Millions start voting in South Sudan independence poll
Millions of south Sudanese started voting on Sunday in a long-awaited independence referendum that is expected see their war-ravaged region emerge as a new nation. Reuters

Satellite images show mass graves following recent fighting in Sudan, a campaign group set up by Hollywood star George Clooney says.

The Satellite Sentinel project says the apparent massacre took place in the town of Kadugli, in South Kordofan.

Fighting between rebels from the Nuba Mountains and the Sudanese armed forces began in the state last month. Despite rights groups denouncing the brutal killing of the Nuba people, the Sudanese government has until now denied the allegations that civilians had been killed and insist it is fighting a legitimate war of self-defence against insurgents.

South Kordofan borders South Sudan, the latest African nation to be born, and despite Omar al-Bashir's denial, the conflict was so intense that an estimated 70,000 people have fled the recent fighting there.

The Satellite Sentinel project says the satellite images, which appear to show mass graves are consistent with allegations the Sudanese armed forces and government-aligned militias have targeted civilians and the organisation says it has spoken with a number of witnesses that consistently talk about the systematic killing of civilians thought to be part of the opposition by the Bashir government's forces.

Many residents of the Nuba Mountains fought with southern rebels during the two decade north-south war but now find themselves in the north and thus under the north authority.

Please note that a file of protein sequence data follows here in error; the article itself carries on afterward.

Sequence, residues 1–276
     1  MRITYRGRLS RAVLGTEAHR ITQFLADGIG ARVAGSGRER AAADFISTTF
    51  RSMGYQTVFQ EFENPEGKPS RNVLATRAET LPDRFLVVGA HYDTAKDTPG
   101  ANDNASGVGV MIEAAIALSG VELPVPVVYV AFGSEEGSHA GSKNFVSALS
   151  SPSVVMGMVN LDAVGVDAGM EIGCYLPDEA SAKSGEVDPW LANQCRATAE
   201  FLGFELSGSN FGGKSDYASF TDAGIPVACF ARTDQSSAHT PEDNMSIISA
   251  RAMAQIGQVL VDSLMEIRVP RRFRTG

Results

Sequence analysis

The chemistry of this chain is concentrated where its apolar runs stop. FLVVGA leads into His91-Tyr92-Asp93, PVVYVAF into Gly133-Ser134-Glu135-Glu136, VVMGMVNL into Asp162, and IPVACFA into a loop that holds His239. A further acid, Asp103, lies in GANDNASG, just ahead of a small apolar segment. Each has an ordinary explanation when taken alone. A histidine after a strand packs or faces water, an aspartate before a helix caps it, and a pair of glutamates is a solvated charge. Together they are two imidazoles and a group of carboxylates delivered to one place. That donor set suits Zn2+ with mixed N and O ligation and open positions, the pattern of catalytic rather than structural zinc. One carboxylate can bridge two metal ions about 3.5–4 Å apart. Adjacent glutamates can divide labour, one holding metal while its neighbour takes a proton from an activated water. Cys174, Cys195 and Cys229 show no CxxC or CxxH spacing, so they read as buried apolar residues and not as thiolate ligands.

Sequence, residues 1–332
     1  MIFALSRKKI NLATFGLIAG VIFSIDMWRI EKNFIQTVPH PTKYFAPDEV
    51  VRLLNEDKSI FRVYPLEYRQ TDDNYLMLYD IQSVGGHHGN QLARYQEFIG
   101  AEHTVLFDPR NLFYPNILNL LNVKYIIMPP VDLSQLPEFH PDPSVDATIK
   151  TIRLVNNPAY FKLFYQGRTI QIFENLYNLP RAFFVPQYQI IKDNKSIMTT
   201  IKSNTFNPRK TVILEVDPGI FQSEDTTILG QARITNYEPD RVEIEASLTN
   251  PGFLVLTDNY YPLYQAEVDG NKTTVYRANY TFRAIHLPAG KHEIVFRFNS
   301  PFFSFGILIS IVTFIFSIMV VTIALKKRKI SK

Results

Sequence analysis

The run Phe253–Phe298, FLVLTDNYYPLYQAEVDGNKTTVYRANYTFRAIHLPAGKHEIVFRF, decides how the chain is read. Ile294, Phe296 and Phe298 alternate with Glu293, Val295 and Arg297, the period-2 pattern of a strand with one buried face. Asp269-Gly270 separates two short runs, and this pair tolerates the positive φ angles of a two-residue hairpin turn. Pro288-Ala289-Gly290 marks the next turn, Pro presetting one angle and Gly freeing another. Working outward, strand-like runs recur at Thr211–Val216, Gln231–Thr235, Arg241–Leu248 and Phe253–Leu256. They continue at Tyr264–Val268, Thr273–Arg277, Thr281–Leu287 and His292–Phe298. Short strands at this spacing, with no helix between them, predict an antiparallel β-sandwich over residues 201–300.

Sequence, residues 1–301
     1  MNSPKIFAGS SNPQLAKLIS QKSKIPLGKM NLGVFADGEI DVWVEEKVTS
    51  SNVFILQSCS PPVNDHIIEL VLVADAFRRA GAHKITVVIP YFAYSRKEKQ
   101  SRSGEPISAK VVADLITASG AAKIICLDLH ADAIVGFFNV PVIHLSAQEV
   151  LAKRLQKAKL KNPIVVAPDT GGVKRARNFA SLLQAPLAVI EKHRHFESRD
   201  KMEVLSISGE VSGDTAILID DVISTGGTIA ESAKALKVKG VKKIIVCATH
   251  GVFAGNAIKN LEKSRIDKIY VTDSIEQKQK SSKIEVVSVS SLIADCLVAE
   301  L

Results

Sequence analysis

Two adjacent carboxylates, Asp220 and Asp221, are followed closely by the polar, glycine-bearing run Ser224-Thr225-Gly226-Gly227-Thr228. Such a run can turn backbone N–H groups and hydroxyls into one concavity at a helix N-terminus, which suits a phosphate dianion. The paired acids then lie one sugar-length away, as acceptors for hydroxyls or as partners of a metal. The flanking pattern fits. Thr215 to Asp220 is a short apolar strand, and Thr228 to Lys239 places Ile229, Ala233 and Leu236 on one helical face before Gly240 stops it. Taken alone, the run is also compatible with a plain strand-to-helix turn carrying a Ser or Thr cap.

A recent UN report also said bombing and fighting was continuing in South Kordofan despite the peace deal, but with journalists and diplomats barred from entering the region, obtaining reliable and accurate information is particularly difficult.

The organisation also says it has spoken to a number of witnesses who allege forces aligned with Khartoum are systematically killing civilians believed to be opposed to the government.

Mr Bashir has recognised South Sudan and while he last week praised the new country, he warned that peace with Sudan's new neighbour was conditional on mutual respect of borders and non-interference in each other's affairs.

The two sides agreed last month, in a deal brokered by the African Union, to integrate the Nuba fighters into the national army or disarm them voluntarily, but Bashir announced recently that he was not willing to negotiate with what he called the insurgents.

Meanwhile, an official in Khartoum's ruling party, Qutbi al-Mahdi, has accused aid agencies of giving logistical support to the rebels, the pro-government Sudanese Media Centre (SMC) reports.

He warned the agencies that they risked "legal penalties" and expulsion, SMC said.

In 2009, Sudan expelled 10 humanitarian organisations from the western region Darfur, accusing them of collaborating with the International Criminal Court (ICC), which issued an arrest warrant for Mr Bashir for alleged genocide and crimes against humanity during Darfur's eight-year conflict.

There is also an arrest warrant for Ahmed Haroun, a former Darfur governor who is now South Kordofan's governor.